Studies show that while public sex offender registries sound like a good way to keep a community safe, the numbers tell a different story. And widely held beliefs turn out to be myths — among the more prevalent is that most sex offenders are pedophiles who might snatch a child from a park or bus stop.
Here are the myths, and the research that debunks them.
■ Sex offenders are among criminals most likely to re-offend.
The U.S. Bureau of Justice Statistics examined 9,691 sex offenders from 15 states and found that 5.3% were arrested within three years of being released from prison, compared with 73.8% of those who committed property crimes and 66.7% of those convicted of drug offenses. The number drops even lower with the passage of time, with the majority of the new crimes committed within five years of release.
■ Most sexual assaults are committed by a stranger.
"Stranger danger" is rare. Studies show about 93% of child sexual abuse victims knew their assailant, about 34.3% are family members, and 58.7% friends or acquaintances, according to the Rape, Abuse & Incest National Network.
Sunday, July 26, 2015
Wednesday, July 8, 2015
How can someone who had consensual sex with a person who misrepresented her age end up on the sex offender registry for life? The case of Zachery Anderson has many asking if sex offender registries are fair. In the New York Times William Buhl said, "The whole registry is a horrible mistake. I think it is utterly ridiculous to take teenage sex and make it a felony. This guy is obviously not a pedophile."
There is a scenario even more troubling than Anderson's. Can someone who committed a sexual crime against a child not have to register as a sex offender? Yes, and it happens every day in Maryland where people who committed sex crimes before 1996 do not need to register regardless of when they were sentenced or released from prison.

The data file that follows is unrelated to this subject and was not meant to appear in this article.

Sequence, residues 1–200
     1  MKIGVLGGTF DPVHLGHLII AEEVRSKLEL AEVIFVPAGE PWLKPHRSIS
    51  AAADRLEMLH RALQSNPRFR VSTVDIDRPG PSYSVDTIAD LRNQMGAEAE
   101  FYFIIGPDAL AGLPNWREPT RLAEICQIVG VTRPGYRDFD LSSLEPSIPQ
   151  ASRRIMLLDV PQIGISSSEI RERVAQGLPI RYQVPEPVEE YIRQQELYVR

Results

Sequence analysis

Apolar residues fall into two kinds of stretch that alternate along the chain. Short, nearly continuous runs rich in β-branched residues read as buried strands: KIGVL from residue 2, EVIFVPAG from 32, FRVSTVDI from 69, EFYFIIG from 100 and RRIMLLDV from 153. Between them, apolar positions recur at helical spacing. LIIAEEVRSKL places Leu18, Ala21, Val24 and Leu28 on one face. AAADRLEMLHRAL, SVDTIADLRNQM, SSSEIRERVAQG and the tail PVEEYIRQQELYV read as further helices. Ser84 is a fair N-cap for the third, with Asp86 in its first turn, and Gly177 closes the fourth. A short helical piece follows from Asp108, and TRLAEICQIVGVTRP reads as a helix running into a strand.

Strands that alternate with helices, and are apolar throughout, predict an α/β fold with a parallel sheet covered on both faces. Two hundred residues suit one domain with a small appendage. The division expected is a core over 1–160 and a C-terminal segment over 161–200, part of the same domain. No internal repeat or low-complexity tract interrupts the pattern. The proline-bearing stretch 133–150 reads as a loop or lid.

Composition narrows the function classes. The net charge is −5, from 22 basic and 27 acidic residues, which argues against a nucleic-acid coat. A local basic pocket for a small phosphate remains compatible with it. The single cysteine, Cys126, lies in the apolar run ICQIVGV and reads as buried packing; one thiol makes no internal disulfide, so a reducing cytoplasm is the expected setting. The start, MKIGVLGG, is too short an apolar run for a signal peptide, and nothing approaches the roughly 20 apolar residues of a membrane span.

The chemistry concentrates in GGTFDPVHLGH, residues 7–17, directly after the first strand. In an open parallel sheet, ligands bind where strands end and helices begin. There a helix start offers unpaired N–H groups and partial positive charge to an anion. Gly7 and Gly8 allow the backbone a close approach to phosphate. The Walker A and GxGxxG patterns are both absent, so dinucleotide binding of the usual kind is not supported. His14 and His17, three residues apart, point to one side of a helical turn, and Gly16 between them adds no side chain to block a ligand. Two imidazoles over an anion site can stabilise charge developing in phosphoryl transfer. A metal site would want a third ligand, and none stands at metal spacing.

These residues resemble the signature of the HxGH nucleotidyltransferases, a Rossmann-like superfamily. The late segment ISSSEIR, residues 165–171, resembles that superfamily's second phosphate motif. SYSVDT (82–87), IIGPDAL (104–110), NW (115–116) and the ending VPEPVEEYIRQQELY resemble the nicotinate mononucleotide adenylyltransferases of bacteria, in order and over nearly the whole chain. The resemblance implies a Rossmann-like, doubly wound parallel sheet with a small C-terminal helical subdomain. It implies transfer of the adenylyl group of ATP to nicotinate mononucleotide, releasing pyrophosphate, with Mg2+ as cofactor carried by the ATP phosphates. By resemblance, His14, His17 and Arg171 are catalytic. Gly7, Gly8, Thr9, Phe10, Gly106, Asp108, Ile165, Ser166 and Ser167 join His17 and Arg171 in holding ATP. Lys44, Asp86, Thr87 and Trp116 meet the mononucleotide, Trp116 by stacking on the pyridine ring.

I became aware of this troubling reality in September 2014 at the sentencing of my perpetrator, Christopher Huott, who sexually abused me for years starting when I was seven. Since the crimes took place in the 1980s my perpetrator was sentenced under those guidelines, which were more lenient than today's statutes. There was also no sex offender registry in place when he was sexually abusing me. So, when Mr. Huott is released from prison -- in as little as two years -- he will not have to register as an offender.
ELKHART - Older teenagers - considered sexual predators - for having sex with teens who are underage. Is it justice? Or as some parents argue, sex crime laws gone too far?
Darian Yoder was 19 years old when he found a girl claiming to be 17 on a Facebook dating app called "Hot Or Not." After chatting online for a couple weeks, she asked him to come over late one night. They had sex.
Nine months later, state troopers arrested Yoder for sexual misconduct. A judge telling him that girl was only 13-years-old.
Heeding advice from his probation officer, Darian Yoder agreed to talk to us, but asked us not to show his face. He says he knows he made a mistake, but he's not a sexual predator.
"I know I'm not a sex offender," said Yoder. "Had I known her age, I never would have even talked to her."
Tuesday, July 7, 2015
Not long ago, Congolese pastor Jerome Muturutsa was fighting deportation from Sioux Falls to his home country.
The 60-year-old was in danger of ejection to his war-torn country over his conviction for a sexual contact crime his family and friends swear he didn't commit.
An immigration judge chose to let him stay, but the parole rules for sex offenders have been so restrictive that his family now says they wish they'd have let him leave the U.S.
Muturutsa's currently detained at the Jameson Annex in Sioux Falls over inconclusive polygraph test results.
"Here, you have no freedom," said his son Michael Gahakanyi. "In the refugee camp, he would be free. Even in the year and a half that he was out of prison, he was not free."
Muturutsa's family, along with supporters like Pastor Dennis Thomas, are learning the strict reality of life for sex offenders on parole in South Dakota.
All paroled sex offenders are given a regular polygraph tests in South Dakota. Dishonesty, dangerous behavior, failure to comply with parole terms or inconclusive test results can land an offender back in prison with the stroke of a parole officer's pen.